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U.S. tells North it is sending its envoy

Bosworth to visit Pyongyang after the Lee-Obama summit is finished  PLAY AUDIO

Nov 12,2009
The United States has informed North Korea of its decision to send a special nuclear envoy to discuss the regime’s possible return to the six-party talks, Washington said yesterday.

“We’ve told North Korea that we are prepared for Ambassador [Stephen] Bosworth and a small interagency team to visit Pyongyang at an appropriate time not yet determined,” said State Department spokesman Philip J. Crowley in a press briefing.

“I would not expect this meeting to take place while the president is in - and the secretary are in the region. I would say, as an expectation, sometime between now and the end of the year,” he added. Scheduled to depart for Asia on Thursday, Washington time, U.S. President Barack Obama will arrive in Seoul next Wednesday.

Although giving a green light for Bosworth’s trip, Washington said it has no intention to negotiate with Pyongyang directly. The North had declared earlier this year that multilateral negotiations are dead.

“Ambassador Bosworth’s discussions in Pyongyang will take place in the context of the six-party talks. From our standpoint, the purpose will be to facilitate an early resumption of the six-party talks and to secure North Korea’s reaffirmation of the September 2005 joint statement of the six-party talks, including verifiable denuclearization of the Korean Peninsula in a peaceful manner.”

The 2005 agreement calls for Pyongyang’s nuclear dismantlement in return for economic aid and diplomatic recognition. The two Koreas, China, Japan, Russia and the United States have also agreed to establish a permanent peace regime on the Korean Peninsula to replace the Korean War armistice.

South Korea’s Foreign Ministry issued a statement supporting the move. “The government hopes the U.S.-North Korea bilateral dialogue will serve as an opportunity to persuade North Korea to return to the six-nation talks as soon as possible and resolve the nuclear crisis,” said Moon Tae-young, Foreign Ministry spokesman. “South Korea and the United States have had close consultations throughout the process of arranging the U.S.-North Korea talks and the cooperation will remain firm in the future.”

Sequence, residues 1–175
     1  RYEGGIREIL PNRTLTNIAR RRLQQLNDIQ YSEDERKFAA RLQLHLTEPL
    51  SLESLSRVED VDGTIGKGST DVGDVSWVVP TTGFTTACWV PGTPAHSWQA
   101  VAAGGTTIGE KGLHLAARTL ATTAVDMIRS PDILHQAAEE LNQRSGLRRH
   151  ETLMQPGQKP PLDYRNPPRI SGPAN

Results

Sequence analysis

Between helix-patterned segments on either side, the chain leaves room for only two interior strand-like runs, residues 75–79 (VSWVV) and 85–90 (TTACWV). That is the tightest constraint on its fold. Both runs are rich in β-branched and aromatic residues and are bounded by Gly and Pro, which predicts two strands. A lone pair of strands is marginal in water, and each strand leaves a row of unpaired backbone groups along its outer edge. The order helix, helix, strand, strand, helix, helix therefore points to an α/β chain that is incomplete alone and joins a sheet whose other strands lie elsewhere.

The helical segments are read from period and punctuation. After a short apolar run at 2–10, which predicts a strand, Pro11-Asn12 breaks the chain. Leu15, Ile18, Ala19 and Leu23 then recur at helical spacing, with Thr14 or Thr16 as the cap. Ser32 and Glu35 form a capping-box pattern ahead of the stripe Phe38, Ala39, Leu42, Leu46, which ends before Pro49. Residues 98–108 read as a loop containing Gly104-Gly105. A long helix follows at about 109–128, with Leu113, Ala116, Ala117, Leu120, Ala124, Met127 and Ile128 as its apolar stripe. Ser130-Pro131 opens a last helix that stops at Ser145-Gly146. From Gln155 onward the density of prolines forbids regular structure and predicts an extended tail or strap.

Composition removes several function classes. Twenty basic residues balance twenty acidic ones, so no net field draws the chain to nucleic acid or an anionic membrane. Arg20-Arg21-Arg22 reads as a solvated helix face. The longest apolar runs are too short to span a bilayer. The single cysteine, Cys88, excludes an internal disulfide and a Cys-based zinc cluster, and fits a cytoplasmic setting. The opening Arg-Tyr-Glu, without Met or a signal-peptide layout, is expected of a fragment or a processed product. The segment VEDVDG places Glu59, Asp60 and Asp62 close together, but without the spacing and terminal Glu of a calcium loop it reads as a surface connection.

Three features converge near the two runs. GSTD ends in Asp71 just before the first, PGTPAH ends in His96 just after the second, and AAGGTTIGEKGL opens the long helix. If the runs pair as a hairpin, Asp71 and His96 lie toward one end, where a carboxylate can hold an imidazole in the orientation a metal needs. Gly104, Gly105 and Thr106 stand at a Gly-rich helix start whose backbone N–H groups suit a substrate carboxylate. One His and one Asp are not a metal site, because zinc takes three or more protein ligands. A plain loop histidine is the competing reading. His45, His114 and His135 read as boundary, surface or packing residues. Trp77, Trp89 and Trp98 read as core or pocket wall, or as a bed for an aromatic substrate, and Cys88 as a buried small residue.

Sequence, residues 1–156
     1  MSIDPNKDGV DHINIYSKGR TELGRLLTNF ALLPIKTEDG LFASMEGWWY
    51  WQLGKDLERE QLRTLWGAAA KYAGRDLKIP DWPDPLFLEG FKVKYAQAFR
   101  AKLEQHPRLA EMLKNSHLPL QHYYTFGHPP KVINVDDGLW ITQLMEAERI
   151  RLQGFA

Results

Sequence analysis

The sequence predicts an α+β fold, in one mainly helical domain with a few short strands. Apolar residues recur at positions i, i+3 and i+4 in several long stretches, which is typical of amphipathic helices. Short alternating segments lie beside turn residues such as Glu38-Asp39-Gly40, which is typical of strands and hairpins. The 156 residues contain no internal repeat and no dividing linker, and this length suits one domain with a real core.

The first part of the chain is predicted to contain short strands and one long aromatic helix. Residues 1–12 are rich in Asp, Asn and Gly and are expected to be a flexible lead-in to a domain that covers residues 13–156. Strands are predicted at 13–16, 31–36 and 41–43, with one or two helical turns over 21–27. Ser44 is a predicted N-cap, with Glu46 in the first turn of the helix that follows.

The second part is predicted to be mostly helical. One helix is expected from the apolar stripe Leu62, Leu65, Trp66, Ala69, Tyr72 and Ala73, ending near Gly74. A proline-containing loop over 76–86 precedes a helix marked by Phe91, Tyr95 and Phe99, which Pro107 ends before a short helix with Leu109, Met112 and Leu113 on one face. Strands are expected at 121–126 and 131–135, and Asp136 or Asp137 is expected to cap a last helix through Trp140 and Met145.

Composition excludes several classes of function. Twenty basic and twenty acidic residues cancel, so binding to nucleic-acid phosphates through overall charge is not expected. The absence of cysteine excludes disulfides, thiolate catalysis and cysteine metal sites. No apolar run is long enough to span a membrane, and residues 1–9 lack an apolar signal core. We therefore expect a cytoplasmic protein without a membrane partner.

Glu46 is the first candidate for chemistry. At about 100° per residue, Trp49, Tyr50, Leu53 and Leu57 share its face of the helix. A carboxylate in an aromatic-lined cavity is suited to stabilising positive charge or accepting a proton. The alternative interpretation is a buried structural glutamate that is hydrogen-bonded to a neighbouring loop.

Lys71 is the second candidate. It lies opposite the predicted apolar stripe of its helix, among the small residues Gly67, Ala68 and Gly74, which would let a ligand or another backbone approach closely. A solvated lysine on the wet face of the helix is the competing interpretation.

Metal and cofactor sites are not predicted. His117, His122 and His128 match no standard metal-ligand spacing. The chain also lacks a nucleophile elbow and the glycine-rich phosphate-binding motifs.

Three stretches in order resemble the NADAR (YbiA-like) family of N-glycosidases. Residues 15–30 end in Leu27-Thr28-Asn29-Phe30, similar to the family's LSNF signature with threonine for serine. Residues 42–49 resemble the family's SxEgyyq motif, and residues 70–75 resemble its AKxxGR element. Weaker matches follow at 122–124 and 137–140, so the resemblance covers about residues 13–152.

Pyongyang invited Bosworth about three months ago, but the Obama administration did not immediately accept the request. Noting that the United States has intensively worked with the international community to implement UN sanctions imposed on the Kim Jong-il regime for its missile and nuclear programs, Crowley said the North probably felt some pressure. Although the pressure has led to the North charm offensive for the past couple of months, Washington will not be fooled by Pyongyang’s strategy in the nuclear game, Crowley said.

“North Korea has a history of coming back to negotiations and expecting to be rewarded just for simply coming back for discussions. We’re not here to talk for talk’s sake, we’re here to see specific results by North Korea,” he said, adding that “the bottom line here is that North Korea has to take affirmative steps towards denuclearization. That remains our core objective in our policy towards North Korea.”

Bosworth will be the first senior U.S. official to visit North Korea in more than a year. Then-Assistant Secretary of State Christopher Hill made the most recent trip to the North in September 2008.

North Korea’s First Vice Foreign Minister Kang Sok-ju is expected to be Bosworth’s counterpart. Kang was the chief negotiator at bilateral negotiations between Pyongyang and Washington to create the 1994 Geneva Agreed Framework that temporarily halted the nuclear crisis on the peninsula. Bosworth served as the executive director of the Korean Peninsula Energy Development Organization from 1995 to 1997, an international consortium created to build non-military reactors in the North in return for a nuclear freeze under the Geneva agreement. Despite the rare opportunity of talking with the North, Washington has emphasized that substantial negotiation should take place at the six-party talks. Pyongyang, in contrast, has argued that the nuclear crisis is a bilateral matter between the North and the United States.

Separately from Bosworth’s trip, Seoul, Washington, Beijing, Tokyo and Moscow have agreed that the sanctions on Pyongyang must be implemented unless significant progress is made resolving the nuclear impasse, South Korean officials said.


By Ser Myo-ja [myoja@joongang.co.kr]



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